Over 100 organizations, and 1000 participants

By Chadd Cawson
Local Journalism Initiative Reporter

The halfway point of the Every Child Matters Year-long Learning Challenge is upon us. The challenge, executed by the Columbia Basin Environmental Education Network (CBEEN) has made a huge impact on Columbia Valley residents as they continue to learn more about the history of First Nations. 

Canada’s first National Day for Truth and Reconciliation was September 30, 2021, marking a day to reflect on the atrocities Indigenous people endured at the hands of the Canadian government. 

United in orange, Indigenous Peoples and allies alike echoed the phrase: “Every Child Matters!” CBEEN’s challenge began on Oct. 1, 2021, and will run a full year, ending on Sept. 30, 2022 – the second National Day for Truth and Reconciliation.

“We started advertising this challenge in September to get people interested and the first email went out on Oct. 1,” says Jenna Jasek, School District 6 Vice Principal for Indigenous Learning and Equity. Orange Shirt Society founder of Every Child Matters, and Orange Shirt Day have been excited to be a partner on this initiative. Over 1000 participants and 100 organizations that include Rocky Mountain School District, as well as others across the Canadian Columbia Basin are involved in this pilot project. 

“The purpose of this challenge is help encourage learning going beyond just one day on September 30, and to provide support, resources and encouragement to make learning about Indigenous knowledge, perspectives, history and culture a deeper part of our lives to help to enable real change over time,” says Duncan Whittick, Executive Director of CBEEN. “We challenge participants to take time each week to deepen their knowledge and understanding of Indigenous knowledge, culture, perspectives, issues and ways they can take action towards reconciliation. We support this by providing weekly emails with suggestions for things participants can read, do in their own communities. We know that without this, we cannot make deeper connections to our local land to ensure stewardship of it for generations to come.”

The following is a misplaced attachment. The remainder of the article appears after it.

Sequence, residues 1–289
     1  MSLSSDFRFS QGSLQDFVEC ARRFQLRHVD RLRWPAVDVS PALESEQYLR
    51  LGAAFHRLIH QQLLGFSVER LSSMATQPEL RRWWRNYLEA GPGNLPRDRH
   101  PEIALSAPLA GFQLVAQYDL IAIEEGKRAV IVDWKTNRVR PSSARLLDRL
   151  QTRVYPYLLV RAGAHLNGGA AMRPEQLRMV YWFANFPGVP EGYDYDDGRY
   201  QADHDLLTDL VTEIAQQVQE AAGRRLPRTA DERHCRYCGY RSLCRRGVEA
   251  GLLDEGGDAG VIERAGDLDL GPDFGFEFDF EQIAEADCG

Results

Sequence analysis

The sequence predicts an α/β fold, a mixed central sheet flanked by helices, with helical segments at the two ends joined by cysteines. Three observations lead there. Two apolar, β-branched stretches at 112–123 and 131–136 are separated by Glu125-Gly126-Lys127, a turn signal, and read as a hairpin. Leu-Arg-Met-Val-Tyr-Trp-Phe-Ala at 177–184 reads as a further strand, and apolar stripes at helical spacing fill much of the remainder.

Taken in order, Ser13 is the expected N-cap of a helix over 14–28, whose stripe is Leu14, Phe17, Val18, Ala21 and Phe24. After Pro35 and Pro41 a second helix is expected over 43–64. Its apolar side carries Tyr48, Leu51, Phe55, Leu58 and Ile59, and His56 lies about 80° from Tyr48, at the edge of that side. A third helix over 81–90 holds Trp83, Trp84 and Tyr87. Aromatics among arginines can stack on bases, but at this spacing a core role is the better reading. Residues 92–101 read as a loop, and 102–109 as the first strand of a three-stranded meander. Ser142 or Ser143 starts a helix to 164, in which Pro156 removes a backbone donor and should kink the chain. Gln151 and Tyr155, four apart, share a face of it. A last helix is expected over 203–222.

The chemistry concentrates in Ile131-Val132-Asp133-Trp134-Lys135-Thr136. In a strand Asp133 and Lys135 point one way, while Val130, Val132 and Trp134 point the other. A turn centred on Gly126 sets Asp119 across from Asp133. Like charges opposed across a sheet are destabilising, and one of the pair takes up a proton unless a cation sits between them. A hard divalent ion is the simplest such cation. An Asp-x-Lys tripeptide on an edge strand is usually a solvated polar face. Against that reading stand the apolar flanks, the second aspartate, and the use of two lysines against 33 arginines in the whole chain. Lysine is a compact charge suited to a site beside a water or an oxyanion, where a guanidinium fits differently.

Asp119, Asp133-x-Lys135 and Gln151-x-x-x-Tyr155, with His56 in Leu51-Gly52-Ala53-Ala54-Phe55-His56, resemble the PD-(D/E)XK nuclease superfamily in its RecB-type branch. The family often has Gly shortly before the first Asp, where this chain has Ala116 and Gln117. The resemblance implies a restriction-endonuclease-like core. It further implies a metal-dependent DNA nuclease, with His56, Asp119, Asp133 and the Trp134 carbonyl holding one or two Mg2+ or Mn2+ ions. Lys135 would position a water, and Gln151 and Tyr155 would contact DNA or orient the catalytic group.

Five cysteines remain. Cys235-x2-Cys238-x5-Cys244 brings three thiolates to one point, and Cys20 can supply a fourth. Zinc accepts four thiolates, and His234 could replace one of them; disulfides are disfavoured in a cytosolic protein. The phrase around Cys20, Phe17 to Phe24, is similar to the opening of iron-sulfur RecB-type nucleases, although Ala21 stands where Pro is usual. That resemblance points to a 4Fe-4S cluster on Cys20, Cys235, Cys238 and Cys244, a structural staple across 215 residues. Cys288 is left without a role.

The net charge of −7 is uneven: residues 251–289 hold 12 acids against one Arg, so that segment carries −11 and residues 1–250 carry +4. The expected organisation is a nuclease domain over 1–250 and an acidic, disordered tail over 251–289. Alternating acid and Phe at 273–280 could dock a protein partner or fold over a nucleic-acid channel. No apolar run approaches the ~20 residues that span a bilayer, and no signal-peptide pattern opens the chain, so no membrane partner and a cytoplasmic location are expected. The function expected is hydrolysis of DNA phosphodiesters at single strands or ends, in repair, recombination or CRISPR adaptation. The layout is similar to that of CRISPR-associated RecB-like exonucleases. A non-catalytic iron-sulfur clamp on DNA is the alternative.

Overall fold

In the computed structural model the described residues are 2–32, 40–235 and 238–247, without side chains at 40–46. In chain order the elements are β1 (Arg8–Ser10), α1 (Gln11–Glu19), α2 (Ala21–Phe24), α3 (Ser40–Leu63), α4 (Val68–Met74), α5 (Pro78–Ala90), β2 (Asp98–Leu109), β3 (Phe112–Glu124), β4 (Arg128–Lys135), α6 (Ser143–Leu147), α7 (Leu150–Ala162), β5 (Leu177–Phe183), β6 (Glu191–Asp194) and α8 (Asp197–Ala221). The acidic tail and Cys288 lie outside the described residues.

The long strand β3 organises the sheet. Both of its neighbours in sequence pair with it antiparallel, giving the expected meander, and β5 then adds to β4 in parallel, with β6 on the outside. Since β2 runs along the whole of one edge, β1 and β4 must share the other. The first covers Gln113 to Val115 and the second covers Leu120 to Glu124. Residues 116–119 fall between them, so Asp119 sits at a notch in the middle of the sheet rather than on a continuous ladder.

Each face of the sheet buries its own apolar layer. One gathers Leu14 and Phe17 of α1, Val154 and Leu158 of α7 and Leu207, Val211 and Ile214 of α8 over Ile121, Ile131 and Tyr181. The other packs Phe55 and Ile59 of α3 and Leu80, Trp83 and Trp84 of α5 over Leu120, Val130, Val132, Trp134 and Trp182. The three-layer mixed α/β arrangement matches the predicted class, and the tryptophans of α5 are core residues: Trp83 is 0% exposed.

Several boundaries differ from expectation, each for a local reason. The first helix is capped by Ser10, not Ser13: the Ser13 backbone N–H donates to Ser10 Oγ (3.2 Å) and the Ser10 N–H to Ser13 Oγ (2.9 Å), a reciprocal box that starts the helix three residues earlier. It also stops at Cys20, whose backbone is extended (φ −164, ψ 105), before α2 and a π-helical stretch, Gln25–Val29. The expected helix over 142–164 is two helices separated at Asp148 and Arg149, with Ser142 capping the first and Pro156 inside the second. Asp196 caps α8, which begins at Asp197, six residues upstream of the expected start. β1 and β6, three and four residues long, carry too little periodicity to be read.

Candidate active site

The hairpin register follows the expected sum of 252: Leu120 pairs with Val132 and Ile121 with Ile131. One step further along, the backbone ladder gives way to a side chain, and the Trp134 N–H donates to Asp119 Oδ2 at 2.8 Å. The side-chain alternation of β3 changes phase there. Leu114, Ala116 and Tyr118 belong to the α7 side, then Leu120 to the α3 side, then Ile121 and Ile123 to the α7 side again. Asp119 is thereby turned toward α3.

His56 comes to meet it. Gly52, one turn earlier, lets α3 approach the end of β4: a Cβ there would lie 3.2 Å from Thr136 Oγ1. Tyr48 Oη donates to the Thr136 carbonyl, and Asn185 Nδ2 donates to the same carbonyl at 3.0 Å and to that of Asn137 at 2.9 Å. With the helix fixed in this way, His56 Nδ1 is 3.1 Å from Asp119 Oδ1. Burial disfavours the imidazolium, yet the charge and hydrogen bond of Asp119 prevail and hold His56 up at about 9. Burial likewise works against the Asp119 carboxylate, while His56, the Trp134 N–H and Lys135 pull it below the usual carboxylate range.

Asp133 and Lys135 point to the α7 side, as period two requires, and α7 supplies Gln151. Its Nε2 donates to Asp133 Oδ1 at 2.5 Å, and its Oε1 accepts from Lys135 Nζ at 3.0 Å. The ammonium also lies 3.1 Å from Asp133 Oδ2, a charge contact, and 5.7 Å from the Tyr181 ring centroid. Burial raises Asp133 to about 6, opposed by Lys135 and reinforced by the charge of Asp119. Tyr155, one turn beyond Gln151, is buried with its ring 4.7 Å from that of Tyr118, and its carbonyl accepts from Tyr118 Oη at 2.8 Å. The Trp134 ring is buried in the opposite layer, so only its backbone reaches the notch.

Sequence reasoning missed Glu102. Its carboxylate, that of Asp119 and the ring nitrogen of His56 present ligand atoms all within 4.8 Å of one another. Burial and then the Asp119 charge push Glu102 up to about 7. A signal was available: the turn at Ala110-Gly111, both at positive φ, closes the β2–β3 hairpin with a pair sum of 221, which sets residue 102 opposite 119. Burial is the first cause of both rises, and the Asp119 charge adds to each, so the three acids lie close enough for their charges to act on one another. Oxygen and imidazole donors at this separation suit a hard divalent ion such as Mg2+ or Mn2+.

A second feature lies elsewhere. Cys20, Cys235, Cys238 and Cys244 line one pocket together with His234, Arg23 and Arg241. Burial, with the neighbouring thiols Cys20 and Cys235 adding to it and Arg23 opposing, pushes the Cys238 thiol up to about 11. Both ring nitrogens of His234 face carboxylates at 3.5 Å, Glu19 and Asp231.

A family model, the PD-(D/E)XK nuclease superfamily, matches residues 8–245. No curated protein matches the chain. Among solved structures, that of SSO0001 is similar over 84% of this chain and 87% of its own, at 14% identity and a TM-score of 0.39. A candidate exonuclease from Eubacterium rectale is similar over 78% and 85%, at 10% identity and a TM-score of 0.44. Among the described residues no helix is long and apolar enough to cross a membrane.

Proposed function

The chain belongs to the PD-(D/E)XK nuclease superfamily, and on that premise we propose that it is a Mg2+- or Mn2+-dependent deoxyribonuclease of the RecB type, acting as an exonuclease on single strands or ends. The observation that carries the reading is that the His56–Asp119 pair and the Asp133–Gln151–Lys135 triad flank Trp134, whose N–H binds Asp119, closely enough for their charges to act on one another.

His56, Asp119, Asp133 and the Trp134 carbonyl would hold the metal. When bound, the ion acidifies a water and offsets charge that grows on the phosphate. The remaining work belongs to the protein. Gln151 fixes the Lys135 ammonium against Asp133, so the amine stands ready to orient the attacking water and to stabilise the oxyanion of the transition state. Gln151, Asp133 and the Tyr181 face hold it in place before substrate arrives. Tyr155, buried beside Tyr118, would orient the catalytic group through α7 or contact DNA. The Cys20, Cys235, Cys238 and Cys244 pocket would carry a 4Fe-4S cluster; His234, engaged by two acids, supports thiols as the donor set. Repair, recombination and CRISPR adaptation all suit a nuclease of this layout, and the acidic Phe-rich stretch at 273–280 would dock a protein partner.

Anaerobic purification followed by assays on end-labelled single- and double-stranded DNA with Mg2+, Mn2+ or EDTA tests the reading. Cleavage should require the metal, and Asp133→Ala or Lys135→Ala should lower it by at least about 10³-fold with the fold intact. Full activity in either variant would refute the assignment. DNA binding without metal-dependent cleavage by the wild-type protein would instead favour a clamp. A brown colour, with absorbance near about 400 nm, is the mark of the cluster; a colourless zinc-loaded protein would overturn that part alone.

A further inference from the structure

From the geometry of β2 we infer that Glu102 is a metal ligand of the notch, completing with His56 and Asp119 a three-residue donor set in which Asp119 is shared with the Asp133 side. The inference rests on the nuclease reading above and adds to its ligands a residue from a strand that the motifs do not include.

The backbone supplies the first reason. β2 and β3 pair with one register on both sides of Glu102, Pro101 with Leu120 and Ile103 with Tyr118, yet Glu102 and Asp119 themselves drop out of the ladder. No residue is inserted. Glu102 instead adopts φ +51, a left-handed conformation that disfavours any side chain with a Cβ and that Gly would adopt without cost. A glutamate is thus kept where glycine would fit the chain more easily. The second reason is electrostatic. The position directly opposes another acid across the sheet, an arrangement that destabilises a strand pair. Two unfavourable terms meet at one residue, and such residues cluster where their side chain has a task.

Partners in this project, Whittick and Jasek, have been working tirelessly together to help elevate the conversation in the valley along the Columbia River by bringing together key community organizations. 

The aim was to ensure that the heightened awareness after the widespread exposure of the remains of the Indigenous children found in Kamloops was not just part of a newsfeed or only recognized one day a year. Together in the beginning of this challenge, they went through the United Nations Declaration on the Rights of Indigenous Peoples (UNDRIP) and the Truth and Reconciliation Commission (TRC) of Canada, reading the ‘Calls to Action’ each week to make it easier for participants to take in. Since the birth of this initiative, the two meet up weekly at Pynelogs Cultural Centre, often discovering their best ideas in the beautiful nature around Dorothy Lake.

“We often follow our heart or go with a strong topic of the week,” says Jasek. “We just give everyone a little task each week or an event to check out like last week we had a presenter from the education sector for the Moose Hide Campaign which took place last Thursday. She presented and we did some reading and exploring afterwards on the campaign. That was really powerful!” 

This brainchild began the previous summer through getting Every Child Matters flags out in the community. “A lot of people had these flags displayed last summer so that was really neat,” says Jasek. Since then, that effort became the year-long challenge, and the feedback has positively poured in. Whether it be through learning materials, online events or virtual gatherings with Indigenous leaders and organizations, what has been created here, gives a safe space to start and continue the conversation and learn from, and fix past mistakes that were made.”

“Obviously, this work should have started in earnest decades ago, but like anything, it has to start somewhere, and everyone is at a different place,” says Whittick. “The TRC Calls to Action and UNDRIP have really helped to provide a framework and foundation for this, and we are just trying to do our best to deepen our own understanding and knowledge. As both Indigenous and non-Indigenous people who share this land. We aim to provide encouragement, support, and resources for others to do the same. This is a lifelong learning process, but that length of time can’t deter people from doing what they can right now, and on an ongoing basis.”

For more information on CBEEN’s Every Child Matters Year-long Learning Challenge visit: cbeen.ca/every-child-matters.